With the rise of remote working, many businesses are navigating entirely new opportunities and challenges. Commit’s Sarah Marion sat down with Katie Wilde, VP of Engineering at Buffer (both organizations are remote-first) to talk about how to have hard conversations, build resilient teams, and promote positivity as a remote-first organization. This is the third post in a series about their conversation. See the first post here, the second post here, and the fourth post here.
On encouraging the social side of working relationships
Sarah: Something that can be challenging, especially for introverts in a remote environment, is building relationships. It can feel forced to put a biweekly coffee chat on someone’s calendar. How do you encourage your team to build the social side of working relationships?
Katie: It’s true that for some people coffee chats can feel forced, while for others they don’t. What’s the difference? It could all come down to culture and how people establish trust.
For example, in the UK and the United States they have task-based trust cultures, which basically means: ‘I respect your work, we collaborate together, I think you do a good job. Therefore, I trust you as a human.’ In other places like India and China they have relationship-based trust cultures, which depend more on whether we know each other as people, whether we’ve chit-chatted and so on.
Some of your coworkers are task-based trust people: they’ll trust you if you show up and do your job, and that’s really all they want you to do. Other people are relationship-based and those people will want coffee chats. That’s one way to think about it: how does someone build trust, and are casual social situations like coffee chats something they actually do (or don’t) care about?
We have found that video game sessions are great for this. Our Slack will light up when people play Among Us, a multiplayer party game that has gotten popular in recent years. We also try to start every meeting with a bit of chit-chat, usually by getting everyone to do a colour check in. ‘Green’ if you’re feeling great, ‘yellow’ in the middle, and ‘red’ means really terrible. It’s optional, but it gives you an opportunity to briefly express how you feel and why.
I might say I’m feeling red today because my stupid cat walked over me all night and I couldn’t sleep, then there’ll be a bit of chatting about cats. This morning I led a stand up for a team, and it’s the super flower blood moon, so we talked about moon facts for a few minutes. Google has done research showing that chatting in this way can increase feelings of psychological safety and belonging.
So you don’t have to schedule a whole thirty minute coffee chat to get the benefits. Even just a few minutes of casual chatting can go a long way.
Sarah: Speaking of building relationships and trust—Commit engineers often end up becoming one of the first technical hires at a startup. Do you have any advice about how to build trust when you’re in that situation and no one quite understands the specifics of what you do?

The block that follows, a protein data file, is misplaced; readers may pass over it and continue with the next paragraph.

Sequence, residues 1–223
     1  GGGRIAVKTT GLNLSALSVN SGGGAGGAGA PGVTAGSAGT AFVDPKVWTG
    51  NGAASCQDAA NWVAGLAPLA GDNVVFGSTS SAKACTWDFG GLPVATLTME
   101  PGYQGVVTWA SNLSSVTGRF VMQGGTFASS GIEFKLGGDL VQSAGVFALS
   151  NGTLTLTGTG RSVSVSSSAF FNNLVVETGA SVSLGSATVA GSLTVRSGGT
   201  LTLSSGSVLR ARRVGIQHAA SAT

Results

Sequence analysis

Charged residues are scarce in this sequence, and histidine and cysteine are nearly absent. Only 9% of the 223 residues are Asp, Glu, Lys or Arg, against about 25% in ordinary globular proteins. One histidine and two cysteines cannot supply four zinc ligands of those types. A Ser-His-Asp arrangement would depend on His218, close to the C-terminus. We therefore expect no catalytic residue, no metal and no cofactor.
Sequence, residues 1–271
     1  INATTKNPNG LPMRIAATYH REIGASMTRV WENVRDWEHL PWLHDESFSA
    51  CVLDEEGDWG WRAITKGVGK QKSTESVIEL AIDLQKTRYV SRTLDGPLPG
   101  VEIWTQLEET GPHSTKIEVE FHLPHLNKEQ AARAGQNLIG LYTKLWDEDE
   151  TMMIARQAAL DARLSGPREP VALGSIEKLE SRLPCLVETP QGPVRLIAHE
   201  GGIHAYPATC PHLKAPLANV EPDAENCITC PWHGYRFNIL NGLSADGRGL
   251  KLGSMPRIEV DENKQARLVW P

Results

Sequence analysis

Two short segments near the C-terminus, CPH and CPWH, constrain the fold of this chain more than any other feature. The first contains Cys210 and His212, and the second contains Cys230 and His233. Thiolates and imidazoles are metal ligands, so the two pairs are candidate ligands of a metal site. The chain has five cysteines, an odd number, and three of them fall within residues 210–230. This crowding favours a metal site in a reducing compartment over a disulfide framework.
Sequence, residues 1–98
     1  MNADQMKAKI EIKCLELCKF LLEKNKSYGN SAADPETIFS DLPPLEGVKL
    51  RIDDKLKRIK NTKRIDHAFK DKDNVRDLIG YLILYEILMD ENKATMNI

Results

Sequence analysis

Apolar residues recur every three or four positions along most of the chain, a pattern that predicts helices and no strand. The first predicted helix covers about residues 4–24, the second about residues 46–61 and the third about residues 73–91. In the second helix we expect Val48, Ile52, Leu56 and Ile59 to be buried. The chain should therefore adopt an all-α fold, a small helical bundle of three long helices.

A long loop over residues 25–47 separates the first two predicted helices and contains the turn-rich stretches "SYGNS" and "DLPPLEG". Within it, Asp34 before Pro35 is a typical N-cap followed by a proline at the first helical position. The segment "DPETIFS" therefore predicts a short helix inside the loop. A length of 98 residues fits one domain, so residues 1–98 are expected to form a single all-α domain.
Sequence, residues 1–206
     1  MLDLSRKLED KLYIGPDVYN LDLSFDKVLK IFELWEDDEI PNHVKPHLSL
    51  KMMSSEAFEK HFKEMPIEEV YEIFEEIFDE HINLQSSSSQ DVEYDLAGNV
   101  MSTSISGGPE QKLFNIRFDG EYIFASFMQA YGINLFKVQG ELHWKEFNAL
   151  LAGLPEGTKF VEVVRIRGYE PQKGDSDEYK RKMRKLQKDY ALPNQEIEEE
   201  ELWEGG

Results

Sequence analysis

Katie: I do think that’s a difficult situation, especially if, like many engineers, you’re already overwhelmed by the tasks involved in the role. As in, ‘Here’s everything you need to do, there’s a massive backlog, and we’ve never had an engineer before—good luck.’ It’s a tricky position to be in, for sure. But it’s also important to acknowledge that you have a huge amount of influence when you’re in that kind of role.
So without knowing too much about the specific situation, the advice I’d give would be to try to leverage that knowledge to get yourself on the problem-solving side of the equation, perhaps by suggesting solutions or features your team might not have considered before.
This can be especially effective if you find something that’s not particularly difficult or time consuming to execute, maybe a solution or a feature you can hack together with a no-code solution. Making yourself immediately valuable to the team in this way and proactively offering solutions can be a great way to quickly build trust with them. Plus it helps you avoid falling into a ‘glorified contractor’ role, where you’re constantly executing someone else’s ideas.
I’d also suggest that you give yourself a bit of time to shape your team’s perceptions about what exactly the role of a technical employee is. Sometimes with primarily technical roles, there’s a lot of pressure to be head down and coding literally all the time. But if that’s the case, when are you supposed to contribute to the important discussions the rest of the team is having?
I’ve found that teams tend to appreciate it when technical employees show curiosity in the business side and make an effort to learn more about the user, perhaps by joining a user call or asking insightful questions about strategy. Give yourself permission and time to do those things.
Finally, I think the most important thing is to put effort into building a community, which is something that everyone at Commit is already doing. Put time and energy into building a peer support network for yourself, because tackling challenges alone is objectively difficult. Find yourself some like-minded people who understand your work, are familiar with the challenges you’re up against, and can serve as a sounding board for specific challenges.
Katie Wilde is the VP of engineering at Buffer. She’s the co-author of “Atomic Migration Strategy for Web Teams,” and her writing has also appeared in The Next Web, Inc Magazine and Fast Company.
Sarah Marion leads Startup Partnerships at Commit. She’s spent her career collaborating with early stage founders as they solve valuable problems.